Warm and humid conditions encourage the koji mold to grow throughout the grains. The rice is thoroughly mixed several times in order to make sure that the mold grows evenly. Later, the rice is transferred to small boxes where mold growth can be controlled more precisely. When the optimal mold growth is reached, the growth is stopped by moving the rice into the coolest and driest part of the koji room.
Making the Fermentation Starter (Shubo-Zukuri)
In order for the fermentation to begin, steamed rice, koji rice, yeast, and water have to be mixed together. When the ingredients are mixed together, the koji enzymes start to convert the rice starch into sugar.
Because it takes time to build up a healthy yeast population, and because during that stage other unwanted microbes can easily settle in the liquid and ruin the sake, the brewer first makes a small batch, the so-called fermentation starter. To help avoid contamination, lactic acid is usually added as well. It takes about two weeks until a healthy yeast population is reached.
Mashing (Moromi-Zukuri, Shikomi)
The next step is the main fermentation or mashing. If the ingredients are added together in one go, the fermentation could again be outrun by other microbes, spoiling the sake. So the brewer adds the ingredients in stages, assuring a high yeast population resides in the mash at every stage, which in turn prevents other organisms from growing.
The fermentation takes place over a period of four days and is divided into three stages (Sandan-Jikomi):
- Day 1: ⅙ of the total steamed rice, koji, and water are mixed together with the fermentation starter
- Day 2: Nothing is added to give the yeast population time to grow
- Day 3: ⅓ of the total ingredients are added
- Day 4: Remaining ½ of the ingredients are added
Once the main fermentation has been established, two processes happen simultaneously to turn the raw ingredients into sake, which is why the process is called multiple parallel fermentation. At the same time as the koji enzymes convert starch into fermentable sugar, the yeast is busy consuming the sugar to create alcohol, carbon dioxide, and heat. Achieving the right balance in the two simultaneous processes is what makes sake brewing especially difficult, especially for Ginjo-type sakes.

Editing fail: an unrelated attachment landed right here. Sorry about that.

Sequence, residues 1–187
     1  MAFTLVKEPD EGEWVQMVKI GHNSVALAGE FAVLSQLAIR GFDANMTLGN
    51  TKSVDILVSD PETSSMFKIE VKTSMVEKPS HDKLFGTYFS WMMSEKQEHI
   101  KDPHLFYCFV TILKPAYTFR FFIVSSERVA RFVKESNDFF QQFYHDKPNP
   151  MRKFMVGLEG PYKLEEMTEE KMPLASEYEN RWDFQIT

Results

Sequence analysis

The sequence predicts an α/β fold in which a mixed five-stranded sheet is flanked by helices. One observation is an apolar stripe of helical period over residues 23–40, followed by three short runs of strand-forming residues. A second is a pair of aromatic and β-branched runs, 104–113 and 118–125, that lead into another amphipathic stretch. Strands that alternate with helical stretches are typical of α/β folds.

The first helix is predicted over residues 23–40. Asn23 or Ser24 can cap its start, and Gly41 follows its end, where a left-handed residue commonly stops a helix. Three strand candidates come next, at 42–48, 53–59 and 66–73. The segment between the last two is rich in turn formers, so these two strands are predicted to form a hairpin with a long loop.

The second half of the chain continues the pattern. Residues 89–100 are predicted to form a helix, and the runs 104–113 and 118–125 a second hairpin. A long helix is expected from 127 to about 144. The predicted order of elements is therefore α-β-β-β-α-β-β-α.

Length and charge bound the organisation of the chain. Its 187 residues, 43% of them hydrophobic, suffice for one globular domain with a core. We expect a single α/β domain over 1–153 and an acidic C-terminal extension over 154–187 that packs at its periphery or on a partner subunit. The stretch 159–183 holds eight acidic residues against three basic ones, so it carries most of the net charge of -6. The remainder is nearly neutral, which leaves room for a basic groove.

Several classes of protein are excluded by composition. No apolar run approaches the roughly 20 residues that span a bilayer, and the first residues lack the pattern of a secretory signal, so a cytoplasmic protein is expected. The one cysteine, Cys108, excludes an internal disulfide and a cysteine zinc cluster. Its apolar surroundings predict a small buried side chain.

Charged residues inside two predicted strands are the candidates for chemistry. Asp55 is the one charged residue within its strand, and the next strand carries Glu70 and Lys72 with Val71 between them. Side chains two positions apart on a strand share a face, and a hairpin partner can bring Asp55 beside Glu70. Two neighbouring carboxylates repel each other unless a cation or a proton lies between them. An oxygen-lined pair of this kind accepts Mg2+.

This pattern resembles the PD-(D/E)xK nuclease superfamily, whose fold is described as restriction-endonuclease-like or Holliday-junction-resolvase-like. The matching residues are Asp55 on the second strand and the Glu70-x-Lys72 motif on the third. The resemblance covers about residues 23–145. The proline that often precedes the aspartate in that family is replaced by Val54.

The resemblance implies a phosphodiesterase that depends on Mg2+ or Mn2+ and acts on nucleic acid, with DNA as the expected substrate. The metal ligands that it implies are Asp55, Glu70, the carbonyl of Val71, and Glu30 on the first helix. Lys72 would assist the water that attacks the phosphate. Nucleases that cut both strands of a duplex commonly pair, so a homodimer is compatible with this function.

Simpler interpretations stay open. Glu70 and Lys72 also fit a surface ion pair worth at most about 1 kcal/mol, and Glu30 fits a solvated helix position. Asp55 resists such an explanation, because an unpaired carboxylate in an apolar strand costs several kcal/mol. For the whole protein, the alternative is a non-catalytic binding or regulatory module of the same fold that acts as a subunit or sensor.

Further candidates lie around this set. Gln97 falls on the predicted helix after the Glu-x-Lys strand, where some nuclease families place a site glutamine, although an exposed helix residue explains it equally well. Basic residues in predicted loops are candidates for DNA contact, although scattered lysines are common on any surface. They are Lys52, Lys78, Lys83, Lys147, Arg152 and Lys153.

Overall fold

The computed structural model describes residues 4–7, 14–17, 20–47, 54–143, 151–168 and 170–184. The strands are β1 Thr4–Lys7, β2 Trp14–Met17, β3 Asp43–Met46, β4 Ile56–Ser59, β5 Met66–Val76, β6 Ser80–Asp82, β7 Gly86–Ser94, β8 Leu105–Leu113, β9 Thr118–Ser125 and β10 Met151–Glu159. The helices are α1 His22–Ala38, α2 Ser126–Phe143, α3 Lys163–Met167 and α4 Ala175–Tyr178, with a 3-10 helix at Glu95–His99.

Depending on the temperature, the main fermentation takes about 3 to 5 weeks. If the desired level of alcohol and sweetness is reached, the fermentation is stopped by cooling the liquid down so that the yeast enzymes become inactive. Sake at this stage typically has 17% to 20% alcohol by volume.
Right after the fermentation is stopped many rice solids remain, and the sake resembles more of an alcoholic porridge than what one usually thinks of sake. To remove those excess sediments (lees, Sake Kasu) the sake is pressed through a mesh. This process is called pressing.
To press sake, breweries usually use large accordion-like presses but sometimes opt for more traditional techniques like hanging bags full of mash and letting gravity filter the sake out or vat filtering. The resulting liquid is clear with a pale lemon-greenish color. If you ever find you have a chance to taste this “freshly pressed sake” then by all means do so, it is the freshest and best version of sake possible!
At this point, it is relatively common for brewers to add a small amount of distilled alcohol (Jozo alcohol) just before pressing. This is not done to “cheapen” the sake but helps dissolve flavors from the remaining rice into the sake. If this is not done then the sake is labeled “Junmai” sake, or pure rice sake.
Before the sake is stored (either in tanks or bottles), the freshly pressed sake goes through a row of optional finishing processes. Carbon filtration is used to remove color and refine the taste, single or double pasteurization is done to deactivate the live enzymes and preserve the sake and water can be added to lower the alcohol content a bit.
Sake is stored for a few months at the brewery before being released. This resting time allows the sake to be more balanced as the flavors meld together. And some sake is matured for a couple of years at the brewery (aged sake, Koshu) before being put on the market.